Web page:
In a procurement process that the Defense Department's inspector general called "the anatomy of a failure," the Navy resorted to forging an admiral's signature photographically to get a boat project launched, spent $10.7 million on the craft before the builder went bankrupt and now has nothing but a partially completed boat to show for it.

Everett Pyatt, assistant secretary of the Navy for shipbuilding, tried to keep the forging episode from becoming public, according to Pentagon documents.

"This matter is properly under investigation by the Naval Investigative Service and should be properly resolved internally within the Department of Defense without escalating it formally through wide distribution of your final documents," Pyatt wrote the inspector general. "We request that you delete reference to this incident from your documents."

Derek J. Vander Schaaf, deputy inspector general, who was the top executive in that office at the time, evidently declined to excise the reference to forgery. Documents obtained by The Washington Post describe that episode as well as a long list of failures to follow Pentagon procurement rules.

The Navy information office said yesterday that Pyatt would have no comment on the alleged photographic forgery or his attempt to keep it quiet.

The saga began in 1982 when Congress decided that special forces such as the Army's Green Berets, Rangers and Delta Force and the Navy's Seals should have a transportable patrol boat tailored to their needs. It was designated the special warfare craft, medium (SWCM1).

Congress appropriated $2 million as a down payment. The Navy in 1984 contracted with RMI Inc. of National City, Calif., to design and build the first of what was supposed to be a fleet of 19 boats costing a total of $242 million.

The unraveling began in the development stage, the inspector general said, when Navy surface warfare executives reduced the patrol boat's mission, seaworthiness, weapons, speed and range "without input or concurrence by the special operations forces community."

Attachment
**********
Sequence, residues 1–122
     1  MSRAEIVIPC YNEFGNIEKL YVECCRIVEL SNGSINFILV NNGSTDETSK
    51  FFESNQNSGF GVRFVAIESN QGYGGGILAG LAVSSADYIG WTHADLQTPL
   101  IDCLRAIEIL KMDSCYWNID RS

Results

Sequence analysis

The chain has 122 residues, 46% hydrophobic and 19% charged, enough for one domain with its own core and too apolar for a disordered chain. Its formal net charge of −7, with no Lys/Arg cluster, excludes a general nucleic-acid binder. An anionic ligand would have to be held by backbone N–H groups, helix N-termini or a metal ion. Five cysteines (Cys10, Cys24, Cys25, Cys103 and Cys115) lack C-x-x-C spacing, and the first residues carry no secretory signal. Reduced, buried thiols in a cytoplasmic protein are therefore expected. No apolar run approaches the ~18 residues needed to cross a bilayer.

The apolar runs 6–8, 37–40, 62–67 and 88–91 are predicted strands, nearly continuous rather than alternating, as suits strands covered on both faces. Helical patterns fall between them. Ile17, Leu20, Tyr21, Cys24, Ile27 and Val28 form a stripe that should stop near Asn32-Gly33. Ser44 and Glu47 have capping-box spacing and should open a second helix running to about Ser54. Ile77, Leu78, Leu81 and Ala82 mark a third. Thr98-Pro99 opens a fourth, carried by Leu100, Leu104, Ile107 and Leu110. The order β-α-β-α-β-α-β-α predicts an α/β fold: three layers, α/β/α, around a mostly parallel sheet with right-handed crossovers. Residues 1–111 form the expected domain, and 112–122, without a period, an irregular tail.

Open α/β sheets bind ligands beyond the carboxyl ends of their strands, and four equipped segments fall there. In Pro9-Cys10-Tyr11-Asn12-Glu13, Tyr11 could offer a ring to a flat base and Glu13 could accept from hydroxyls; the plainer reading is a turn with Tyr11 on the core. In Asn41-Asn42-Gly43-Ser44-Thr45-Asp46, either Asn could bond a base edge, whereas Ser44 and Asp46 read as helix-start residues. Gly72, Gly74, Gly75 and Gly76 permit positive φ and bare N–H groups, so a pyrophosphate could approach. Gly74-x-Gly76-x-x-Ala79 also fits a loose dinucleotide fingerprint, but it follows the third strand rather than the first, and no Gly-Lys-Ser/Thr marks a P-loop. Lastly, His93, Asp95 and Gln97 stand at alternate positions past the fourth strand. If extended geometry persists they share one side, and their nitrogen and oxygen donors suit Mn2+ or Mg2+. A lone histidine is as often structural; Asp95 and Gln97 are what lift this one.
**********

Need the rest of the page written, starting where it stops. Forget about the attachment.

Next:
The Navy was supposed to have a plan for testing the boat before going into final design and production, a step called TEMP, for test and evaluation master plan. The deputy chief of naval operations for surface warfare at that time, Vice Adm. Robert Walters, the report says, gave the go-ahead without the proper paper work in hand.

"The requisite documents were still not approved in November 1984, when the construction option of this contract was exercised," the report says.

"Just before the award of the construction option, a photo reproduction of the signature of the commander of the Navy's operational test and evaluation force had been affixed to the TEMP.

"Although the admiral whose signature was affixed denied having reviewed or approved the TEMP, the apparently signed and approved document was promulgated as support for the award," the report says. Construction went forward.

The admiral whose signature was allegedly photographically forged was not named in the report and the inspector general's office refused to identify him last night. Navy officials said he was Rear Adm. Edward W. Carter III, who has since retired.

The Navy paid $10.7 million for the boat before RMI Inc. filed for bankruptcy last August. The Navy got one boat that was 60 percent completed. Finishing the craft would cost $5 million to $6 million, pushing its price tag 250 percent above what had been projected, the report says. Even then, the boat would not be able to do what the special forces require, according to the inspector general.

"Although not completed as an operational craft," the Navy said yesterday when asked for comment on the inspector general's report, the boat "will prove a valuable developmental test and evaluation asset for further exploration of special warfare technologies . . . . With benefit of hindsight, we see flaws in the execution of the program . . . . "